"They lie, incite violence, and are equally responsible," said The Big Pharaoh. "Amany al-Khayat [a Sisi-cheering TV presenter] is the same to me as Khaled Abdalla [a Morsi propagandist]."
Khayat, a top presenter at the leading ONTV, was fired a week ago by the channel's billionaire owner Naguib Sawiris after insulting Morocco on air. "Do you know that one of the main economic sectors in Morocco is prostitution?" Khayat asked her viewers while commenting on Morocco's possible role in the war in Gaza after a speech addressed to the kingdom by Hamas' political chief, Khaled Meshaal.
Khaled Abdallah, on the other hand, was one of Morsi's leading TV propagandists who appeared on the Islamist Al-Nas channel that was shut down following Morsi's ouster. Abdallah's TV appearance was banned by a court ruling in 2013 after he dedicated several episodes of his show to attacking a prominent Egyptian actress, Elham Shahin. Such attacks on the actress began after the detention of another Morsi propagandist, Abdalla Badr, who was jailed for defamation and falsely accusing Shahin of promoting "immorality and nudity" through her films.
Despite the audacity of the Muslim Brotherhood's media throughout their stint in power, its performance after Morsi's ouster was even more catastrophic. In many observers' opinions, they blinded their most vulnerable followers and indirectly led to their deaths in a series of crackdowns that began with the dispersal of pro-Morsi protesters at the Rabia al-Adawiya compound in August 2013 and ended as what Human Rights Watch described as "the most serious incident of mass unlawful killings in modern Egyptian history."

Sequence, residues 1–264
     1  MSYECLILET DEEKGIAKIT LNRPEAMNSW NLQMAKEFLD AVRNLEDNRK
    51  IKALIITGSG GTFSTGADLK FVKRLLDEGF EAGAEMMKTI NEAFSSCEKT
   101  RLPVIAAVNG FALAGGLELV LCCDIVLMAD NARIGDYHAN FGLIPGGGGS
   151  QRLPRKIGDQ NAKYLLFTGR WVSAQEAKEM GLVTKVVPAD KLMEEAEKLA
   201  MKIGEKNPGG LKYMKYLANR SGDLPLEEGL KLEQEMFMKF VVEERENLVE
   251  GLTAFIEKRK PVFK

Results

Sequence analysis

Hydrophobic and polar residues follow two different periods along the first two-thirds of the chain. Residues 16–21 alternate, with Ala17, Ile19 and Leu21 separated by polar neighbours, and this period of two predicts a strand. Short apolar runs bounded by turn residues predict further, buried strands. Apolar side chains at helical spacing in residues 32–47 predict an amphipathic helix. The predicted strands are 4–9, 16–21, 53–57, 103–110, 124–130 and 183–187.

"The stage erected in Rabia Square and its insistence [on] spreading false information led to what finally happened to the Muslim Brotherhood sit-ins," said Muhammad Sayyed, whose ailing mother's story I told in my writings, and which were intentionally mistranslated by the Muslim Brotherhood media.
For five weeks at Rabia Square, I was the field producer of the PBS "Frontline" film, “Egypt in Crisis," and I listened to this stage every day, sat for prolonged interviews with at least a dozen Muslim Brotherhood officials from all levels, and personally witnessed the first round of killings — a clear sign of the bloodiness of the looming end — as it unfolded in front of the Republican Guards Club. On that day, 51 of the Muslim Brotherhood supporters, pushed by their leadership's rumors that Morsi was held at the military facility, were killed.
"The Muslim Brotherhood media selects what portrays them as a victim because the reality is sometimes incriminating to them," Sayyed said. "Their translation this time is an example: It was ill-intended and deceiving."